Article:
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MSHA News Release No. 97-0919
Mine Safety and Health Administration
Contact: Amy Louviere or Kathy Snyder
Phone: (703) 235-1452

Friday, September 19, 1997


Consol Pennsylvania Coal Company's Bailey Team of Graysville, Pa., won first place yesterday in the mine rescue competition at the 1997 National Mine Rescue, First Aid, EMT and Bench Contest which was held Sept. 16-18 at the Kentucky Fair and Exposition Center in Louisville, Ky. Island Creek Coal Company's B-Team of Oakwood, Va., and Kerr-McGee Coal Corporation's Galatia Mine Rescue Team of Harrisburg, Ill., were the second- and third-place winners in the mine rescue portion of the contest, sponsored by the Department of Labor's Mine Safety and Health Administration.

Mine rescue contests are designed to sharpen skills and test the knowledge of miners who may one day be called upon to respond to a real mine emergency. The contest requires teams of six members each to solve a hypothetical rescue problem while being timed and observed by judges according to precise rules. The simulated problem involved trapped miners who had to be located and rescued. State and federal mine safety experts evaluated each team as they worked through their rescue problem in a simulated mine environment. Teams were rated on adherence to safety procedures and how quickly they completed their task.

"Competition of this kind calls attention to the need for the highest standards in mine safety," said J. Davitt McAteer, assistant labor secretary for mine safety and health. "These rigorous exercises help mine rescue teams be ready for tomorrow's emergency by preparing today. Naturally, we hope their skills will never be needed."

The Energy West Mining Company Silver Team of Huntington, Utah, took first place in the First Aid portion of the competition. In the first aid contest, participants must demonstrate the correct method of caring for an injured miner. Teams are judged on proper application of skills according to the fundamentals of first aid. In the first aid event, second and third place went to Eastern Associated Coal Corporation's Federal No. 2 Team of Fairview, W.Va., and Jim Walter Resources, Inc.'s JWR #1 Team of Brookwood, Ala.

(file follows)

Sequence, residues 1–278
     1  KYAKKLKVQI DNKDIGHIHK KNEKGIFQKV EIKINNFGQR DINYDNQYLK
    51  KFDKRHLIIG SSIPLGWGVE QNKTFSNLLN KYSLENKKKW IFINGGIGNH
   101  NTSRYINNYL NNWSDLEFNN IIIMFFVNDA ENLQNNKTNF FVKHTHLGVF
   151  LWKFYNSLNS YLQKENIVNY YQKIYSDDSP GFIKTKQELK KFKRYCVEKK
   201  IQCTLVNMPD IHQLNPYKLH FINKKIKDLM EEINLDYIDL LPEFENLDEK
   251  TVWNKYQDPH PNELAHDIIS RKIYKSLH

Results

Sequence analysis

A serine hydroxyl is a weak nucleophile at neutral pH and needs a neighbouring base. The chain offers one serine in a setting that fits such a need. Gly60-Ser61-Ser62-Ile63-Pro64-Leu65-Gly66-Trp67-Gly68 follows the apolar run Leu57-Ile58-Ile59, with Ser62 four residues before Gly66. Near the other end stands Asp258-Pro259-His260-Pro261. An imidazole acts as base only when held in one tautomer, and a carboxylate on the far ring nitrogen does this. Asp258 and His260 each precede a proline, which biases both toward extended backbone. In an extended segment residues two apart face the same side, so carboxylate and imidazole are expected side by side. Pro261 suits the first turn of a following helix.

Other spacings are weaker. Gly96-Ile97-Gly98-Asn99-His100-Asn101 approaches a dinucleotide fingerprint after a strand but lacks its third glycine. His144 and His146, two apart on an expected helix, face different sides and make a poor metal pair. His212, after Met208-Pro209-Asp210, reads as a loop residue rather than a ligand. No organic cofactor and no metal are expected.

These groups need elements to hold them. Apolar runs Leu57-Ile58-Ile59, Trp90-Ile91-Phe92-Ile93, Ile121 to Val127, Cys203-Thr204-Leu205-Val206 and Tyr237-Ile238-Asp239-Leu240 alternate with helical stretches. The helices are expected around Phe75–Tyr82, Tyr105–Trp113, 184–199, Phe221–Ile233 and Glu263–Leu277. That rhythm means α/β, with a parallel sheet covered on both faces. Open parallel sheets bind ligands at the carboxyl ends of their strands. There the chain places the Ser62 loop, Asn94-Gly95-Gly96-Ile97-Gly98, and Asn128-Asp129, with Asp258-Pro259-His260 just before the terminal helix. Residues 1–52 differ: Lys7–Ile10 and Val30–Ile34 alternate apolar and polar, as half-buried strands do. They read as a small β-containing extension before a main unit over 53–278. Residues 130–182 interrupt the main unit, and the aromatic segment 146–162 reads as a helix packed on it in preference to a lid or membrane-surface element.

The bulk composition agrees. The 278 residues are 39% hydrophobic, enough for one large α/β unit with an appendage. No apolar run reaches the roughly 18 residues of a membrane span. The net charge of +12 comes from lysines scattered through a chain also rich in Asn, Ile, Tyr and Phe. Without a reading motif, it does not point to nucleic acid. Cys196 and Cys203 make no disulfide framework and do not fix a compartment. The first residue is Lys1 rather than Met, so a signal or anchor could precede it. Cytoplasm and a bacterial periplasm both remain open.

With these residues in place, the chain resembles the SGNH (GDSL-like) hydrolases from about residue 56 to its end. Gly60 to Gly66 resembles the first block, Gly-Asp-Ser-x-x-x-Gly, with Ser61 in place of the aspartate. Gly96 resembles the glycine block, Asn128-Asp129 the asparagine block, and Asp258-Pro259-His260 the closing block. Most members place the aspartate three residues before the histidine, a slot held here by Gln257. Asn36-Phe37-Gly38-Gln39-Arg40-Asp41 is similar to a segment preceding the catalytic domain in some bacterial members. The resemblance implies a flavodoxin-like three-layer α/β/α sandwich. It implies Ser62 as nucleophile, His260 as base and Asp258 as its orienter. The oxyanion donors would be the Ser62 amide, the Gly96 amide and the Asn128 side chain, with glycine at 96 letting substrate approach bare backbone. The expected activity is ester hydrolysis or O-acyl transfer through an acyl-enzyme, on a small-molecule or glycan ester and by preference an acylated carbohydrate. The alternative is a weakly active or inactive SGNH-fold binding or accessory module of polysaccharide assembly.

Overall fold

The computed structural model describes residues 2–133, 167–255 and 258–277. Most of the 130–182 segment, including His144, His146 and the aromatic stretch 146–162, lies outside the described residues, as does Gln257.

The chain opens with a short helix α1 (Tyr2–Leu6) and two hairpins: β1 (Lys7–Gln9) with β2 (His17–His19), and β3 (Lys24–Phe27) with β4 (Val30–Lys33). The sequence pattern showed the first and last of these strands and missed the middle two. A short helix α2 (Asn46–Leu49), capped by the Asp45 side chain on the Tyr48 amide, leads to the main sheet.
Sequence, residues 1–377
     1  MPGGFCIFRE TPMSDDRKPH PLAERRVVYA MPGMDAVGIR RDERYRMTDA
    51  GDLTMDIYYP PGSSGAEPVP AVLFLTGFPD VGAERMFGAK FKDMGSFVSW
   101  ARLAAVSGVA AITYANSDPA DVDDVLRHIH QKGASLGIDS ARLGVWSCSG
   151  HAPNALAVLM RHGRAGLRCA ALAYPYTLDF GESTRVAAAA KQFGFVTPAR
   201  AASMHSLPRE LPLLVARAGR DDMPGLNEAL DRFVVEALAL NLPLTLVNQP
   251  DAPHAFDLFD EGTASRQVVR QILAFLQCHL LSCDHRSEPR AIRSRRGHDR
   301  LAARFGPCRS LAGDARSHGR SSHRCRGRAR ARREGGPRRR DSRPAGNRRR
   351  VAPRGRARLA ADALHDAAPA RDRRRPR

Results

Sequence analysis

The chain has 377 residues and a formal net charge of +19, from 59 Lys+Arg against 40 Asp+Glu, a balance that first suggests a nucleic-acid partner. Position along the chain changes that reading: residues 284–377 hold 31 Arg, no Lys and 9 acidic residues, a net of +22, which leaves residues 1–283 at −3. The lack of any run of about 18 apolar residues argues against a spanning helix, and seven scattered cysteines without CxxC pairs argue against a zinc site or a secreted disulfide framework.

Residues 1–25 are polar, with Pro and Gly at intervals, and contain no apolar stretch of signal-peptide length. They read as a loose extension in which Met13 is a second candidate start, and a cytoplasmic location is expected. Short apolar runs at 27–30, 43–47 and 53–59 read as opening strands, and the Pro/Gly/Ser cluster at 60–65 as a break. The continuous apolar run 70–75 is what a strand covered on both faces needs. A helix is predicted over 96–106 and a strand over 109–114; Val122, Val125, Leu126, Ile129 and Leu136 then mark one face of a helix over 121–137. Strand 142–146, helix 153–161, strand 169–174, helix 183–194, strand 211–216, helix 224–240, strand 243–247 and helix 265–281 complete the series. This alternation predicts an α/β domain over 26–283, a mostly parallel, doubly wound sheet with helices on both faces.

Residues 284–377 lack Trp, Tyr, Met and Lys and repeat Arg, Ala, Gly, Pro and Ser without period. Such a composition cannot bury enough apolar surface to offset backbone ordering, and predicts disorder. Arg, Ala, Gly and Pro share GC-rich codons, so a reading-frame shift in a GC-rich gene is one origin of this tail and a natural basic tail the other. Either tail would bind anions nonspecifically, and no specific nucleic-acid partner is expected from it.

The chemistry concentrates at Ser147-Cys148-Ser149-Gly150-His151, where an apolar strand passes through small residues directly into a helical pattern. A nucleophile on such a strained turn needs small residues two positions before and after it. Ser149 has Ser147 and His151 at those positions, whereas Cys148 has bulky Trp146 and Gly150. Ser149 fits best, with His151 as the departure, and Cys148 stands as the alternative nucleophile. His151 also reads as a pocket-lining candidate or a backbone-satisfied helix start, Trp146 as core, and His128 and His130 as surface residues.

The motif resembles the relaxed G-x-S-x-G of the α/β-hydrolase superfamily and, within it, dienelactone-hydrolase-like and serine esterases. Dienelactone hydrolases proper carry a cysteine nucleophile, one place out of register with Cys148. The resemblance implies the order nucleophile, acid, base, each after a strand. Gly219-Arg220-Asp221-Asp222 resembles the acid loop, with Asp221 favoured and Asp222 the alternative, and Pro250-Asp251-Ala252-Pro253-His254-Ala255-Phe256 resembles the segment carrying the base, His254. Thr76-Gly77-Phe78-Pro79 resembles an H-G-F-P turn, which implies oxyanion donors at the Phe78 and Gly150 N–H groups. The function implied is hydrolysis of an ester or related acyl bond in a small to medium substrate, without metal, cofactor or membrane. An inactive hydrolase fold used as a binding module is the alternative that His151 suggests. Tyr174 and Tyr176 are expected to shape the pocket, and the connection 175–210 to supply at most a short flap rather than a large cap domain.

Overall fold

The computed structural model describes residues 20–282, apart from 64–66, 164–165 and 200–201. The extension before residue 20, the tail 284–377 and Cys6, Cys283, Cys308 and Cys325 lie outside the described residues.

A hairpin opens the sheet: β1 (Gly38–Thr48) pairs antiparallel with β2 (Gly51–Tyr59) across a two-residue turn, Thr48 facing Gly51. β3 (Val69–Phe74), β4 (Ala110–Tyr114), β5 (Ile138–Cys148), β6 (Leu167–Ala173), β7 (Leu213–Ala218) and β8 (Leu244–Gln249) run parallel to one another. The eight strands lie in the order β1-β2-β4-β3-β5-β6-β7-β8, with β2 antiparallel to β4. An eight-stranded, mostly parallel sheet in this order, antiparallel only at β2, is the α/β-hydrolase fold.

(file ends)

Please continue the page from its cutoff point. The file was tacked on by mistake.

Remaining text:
Eastern Associated Coal Corporation's Coal River Team of Seth, W.Va., took first place in the combination mine rescue/first aid competition, in which scores for both events are combined. Eastern Associated Coal Corporation's Harris Team, of Twilight, W.Va., and Energy West Mining Company's Silver Team of Huntington, Utah, took second and third place in the combined mine rescue/first aid competition.

Top honors in the Emergency Medical Technician (EMT) portion of the event went to Premier Elkhorn Coal Company's Team No. 1, of Myra, Ky. In the EMT contest, a primary and secondary EMT tackle real-life scenarios. EMTs are certified and provide an unbroken chain of medical care until the patient arrives at the hospital. Second and third place in the EMT contest went to Kerr-McGee Coal Corporation's Galatia Mine Rescue Team of Harrisburg, Ill., and Lodestar Energy, Inc.'s A Team of Clay, Ky.

Roger Carpenter of Eastern Associated Coal Corporation's Federal No. 2 Team, Fairview, W.Va., took first place in the bench competition. Benchmen are charged with maintaining the rescue equipment. In the bench competition, participants must thoroughly inspect breathing devices that have been purposely tampered with, and they must correct those defects as quickly as possible. Second and third place winners in the bench competition were Todd Watson of Lodestar Energy, Inc.'s West Kentucky Team, Clay, Ky., and James Schuessler of Cyprus Emerald Resources Corp.'s Cyprus Emerald White Team, Waynesburg, Pa.

The national mine rescue, first aid, EMT and bench contest for the coal mining community is held in odd-numbered years.

Mine rescue training began in the United States in 1910, the year the U.S. Bureau of Mines was created. Joseph A. Holmes, the bureau's first director, sought a training vehicle that would provide the mining industry with a cadre of mine rescue specialists who would be prepared to respond to mine disasters. The training efforts evolved into local and regional competitions and, a year later, a national contest. President William Howard Taft was present at the first national competition.

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See all the results and details of the 1997 Mine Rescue Contest.